At trial, appellant testified that he had consumed a considerable amount of alcohol at a bar in Hereford, Texas. He further testified that he had not driven the pickup during the chase. Instead, appellant insisted that the pickup was driven by a female with the first name of Crystal.
At the conclusion of the testimony, the trial court presented a proposed court's charge to counsel for the State and appellant. Appellant had no objections to the charge as presented. The jury subsequently returned a verdict of guilty. After considering the punishment evidence, that same jury returned a verdict of confinement in the ID–TDCJ for a term of five years.
Appellant now presents issues challenging the verdict and judgment the trial court issued. We will affirm.
Sufficiency of the Evidence
We will first consider appellant's contention that the evidence was insufficient to sustain the jury's finding of guilt.
Standard of Review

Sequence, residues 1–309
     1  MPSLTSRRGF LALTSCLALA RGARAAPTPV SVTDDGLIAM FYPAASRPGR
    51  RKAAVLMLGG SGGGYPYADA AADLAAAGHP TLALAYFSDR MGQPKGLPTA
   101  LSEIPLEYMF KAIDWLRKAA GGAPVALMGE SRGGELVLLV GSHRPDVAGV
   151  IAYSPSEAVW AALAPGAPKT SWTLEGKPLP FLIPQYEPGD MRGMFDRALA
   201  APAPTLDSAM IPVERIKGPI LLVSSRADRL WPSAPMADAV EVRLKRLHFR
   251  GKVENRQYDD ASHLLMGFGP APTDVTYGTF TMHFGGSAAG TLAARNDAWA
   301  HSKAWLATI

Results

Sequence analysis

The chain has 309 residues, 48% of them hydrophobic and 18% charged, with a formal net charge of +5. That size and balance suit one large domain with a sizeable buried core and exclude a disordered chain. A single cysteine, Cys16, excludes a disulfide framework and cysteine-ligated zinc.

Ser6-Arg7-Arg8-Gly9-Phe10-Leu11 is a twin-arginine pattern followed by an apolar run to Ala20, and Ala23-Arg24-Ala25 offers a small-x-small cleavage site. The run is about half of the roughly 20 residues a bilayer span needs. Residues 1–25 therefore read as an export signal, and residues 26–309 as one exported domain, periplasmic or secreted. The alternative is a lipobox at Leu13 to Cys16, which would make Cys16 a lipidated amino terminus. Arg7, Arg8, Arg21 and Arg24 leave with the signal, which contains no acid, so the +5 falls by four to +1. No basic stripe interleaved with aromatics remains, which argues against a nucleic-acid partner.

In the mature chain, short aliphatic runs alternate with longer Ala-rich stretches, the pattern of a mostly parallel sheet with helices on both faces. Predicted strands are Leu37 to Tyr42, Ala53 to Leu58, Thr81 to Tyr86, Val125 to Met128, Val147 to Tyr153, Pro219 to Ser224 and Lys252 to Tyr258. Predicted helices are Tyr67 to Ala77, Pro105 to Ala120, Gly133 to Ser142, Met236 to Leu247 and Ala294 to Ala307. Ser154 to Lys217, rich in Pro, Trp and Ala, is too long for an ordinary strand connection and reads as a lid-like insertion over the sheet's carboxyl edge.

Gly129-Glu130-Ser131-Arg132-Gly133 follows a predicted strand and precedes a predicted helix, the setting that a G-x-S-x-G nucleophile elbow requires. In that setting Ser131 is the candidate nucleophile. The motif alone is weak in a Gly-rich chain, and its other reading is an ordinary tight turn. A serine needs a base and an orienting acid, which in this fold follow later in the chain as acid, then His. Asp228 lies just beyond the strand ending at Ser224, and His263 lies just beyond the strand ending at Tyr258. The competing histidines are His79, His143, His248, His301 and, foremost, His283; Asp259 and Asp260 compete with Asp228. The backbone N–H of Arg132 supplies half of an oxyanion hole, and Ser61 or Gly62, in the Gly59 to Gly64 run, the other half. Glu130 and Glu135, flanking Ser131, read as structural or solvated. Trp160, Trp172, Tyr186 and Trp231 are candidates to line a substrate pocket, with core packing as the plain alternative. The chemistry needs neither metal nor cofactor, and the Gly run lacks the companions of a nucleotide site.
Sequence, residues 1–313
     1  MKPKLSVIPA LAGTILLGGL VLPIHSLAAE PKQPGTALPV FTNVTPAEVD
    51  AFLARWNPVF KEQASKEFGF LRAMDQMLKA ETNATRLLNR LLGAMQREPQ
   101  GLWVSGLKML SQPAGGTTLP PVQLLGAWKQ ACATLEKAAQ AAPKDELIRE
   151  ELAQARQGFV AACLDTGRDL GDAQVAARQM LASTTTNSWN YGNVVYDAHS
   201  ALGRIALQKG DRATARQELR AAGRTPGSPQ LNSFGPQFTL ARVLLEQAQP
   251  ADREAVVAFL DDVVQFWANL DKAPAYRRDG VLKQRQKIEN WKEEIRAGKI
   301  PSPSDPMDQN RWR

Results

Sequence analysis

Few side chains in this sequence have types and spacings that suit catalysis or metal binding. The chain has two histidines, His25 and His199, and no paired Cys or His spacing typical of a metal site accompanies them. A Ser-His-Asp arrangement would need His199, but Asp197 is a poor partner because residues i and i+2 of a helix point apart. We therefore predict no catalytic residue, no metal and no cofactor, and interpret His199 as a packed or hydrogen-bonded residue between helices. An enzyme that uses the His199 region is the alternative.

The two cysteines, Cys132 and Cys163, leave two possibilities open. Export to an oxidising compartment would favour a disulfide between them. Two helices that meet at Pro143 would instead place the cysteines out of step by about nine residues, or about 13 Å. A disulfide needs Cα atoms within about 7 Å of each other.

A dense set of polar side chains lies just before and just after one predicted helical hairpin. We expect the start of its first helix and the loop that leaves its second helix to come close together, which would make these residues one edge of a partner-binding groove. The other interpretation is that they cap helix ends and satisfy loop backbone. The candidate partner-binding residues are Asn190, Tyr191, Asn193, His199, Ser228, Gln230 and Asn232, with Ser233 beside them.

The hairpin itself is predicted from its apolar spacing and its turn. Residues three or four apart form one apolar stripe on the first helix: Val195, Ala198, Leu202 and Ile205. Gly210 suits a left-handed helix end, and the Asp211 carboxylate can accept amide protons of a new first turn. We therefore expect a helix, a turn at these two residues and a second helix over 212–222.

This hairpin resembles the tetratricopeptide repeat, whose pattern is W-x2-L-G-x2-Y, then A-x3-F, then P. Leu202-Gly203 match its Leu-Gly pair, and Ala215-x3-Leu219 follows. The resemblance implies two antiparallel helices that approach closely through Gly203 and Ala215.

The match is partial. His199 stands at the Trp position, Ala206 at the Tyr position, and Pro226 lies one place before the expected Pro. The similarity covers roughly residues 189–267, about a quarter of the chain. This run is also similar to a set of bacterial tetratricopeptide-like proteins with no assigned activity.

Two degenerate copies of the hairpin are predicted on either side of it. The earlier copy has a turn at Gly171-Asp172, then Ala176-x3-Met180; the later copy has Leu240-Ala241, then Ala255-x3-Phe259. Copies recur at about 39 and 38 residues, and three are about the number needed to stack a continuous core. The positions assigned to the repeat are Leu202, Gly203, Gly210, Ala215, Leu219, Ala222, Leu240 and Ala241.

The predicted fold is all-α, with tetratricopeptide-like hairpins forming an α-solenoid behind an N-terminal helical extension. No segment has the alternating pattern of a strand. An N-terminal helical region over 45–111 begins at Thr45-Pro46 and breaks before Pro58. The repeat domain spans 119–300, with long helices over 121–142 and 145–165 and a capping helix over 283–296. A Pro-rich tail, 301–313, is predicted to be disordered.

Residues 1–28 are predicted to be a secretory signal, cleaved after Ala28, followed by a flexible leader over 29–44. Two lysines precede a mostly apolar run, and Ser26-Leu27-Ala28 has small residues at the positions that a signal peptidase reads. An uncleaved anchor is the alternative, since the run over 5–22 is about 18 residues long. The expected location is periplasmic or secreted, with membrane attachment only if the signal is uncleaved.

In assessing the sufficiency of the evidence, we review all the evidence in the light most favorable to the verdict to determine whether any rational trier of fact could have found the essential elements of the offense beyond a reasonable doubt. Jackson v. Virginia, 443 U.S. 307, 319, 99 S.Ct. 2781, 61 L.Ed.2d 560 (1979); Brooks v. State, 323 S.W.3d 893, 912 (Tex.Crim.App.2010). “[O]nly that evidence which is sufficient in character, weight, and amount to justify a factfinder in concluding that every element of the offense has been proven beyond a reasonable doubt is adequate to support a conviction.” Brooks, 323 S.W.3d at 917 (Cochran, J., concurring). We remain mindful that “[t]here is no higher burden of proof in any trial, criminal or civil, and there is no higher standard of appellate review than the standard mandated by Jackson.” Id. When reviewing all of the evidence under the Jackson standard of review, the ultimate question is whether the jury's finding of guilt was a rational finding. See id. at 906–07 n. 26 (discussing Judge Cochran's dissenting opinion in Watson v. State, 204 S.W.3d 404, 448–50 (Tex.Crim.App.2006), as outlining the proper application of a single evidentiary standard of review). “[T]he reviewing court is required to defer to the jury's credibility and weight determinations because the jury is the sole judge of the witnesses' credibility and the weight to be given their testimony.” Id. at 899.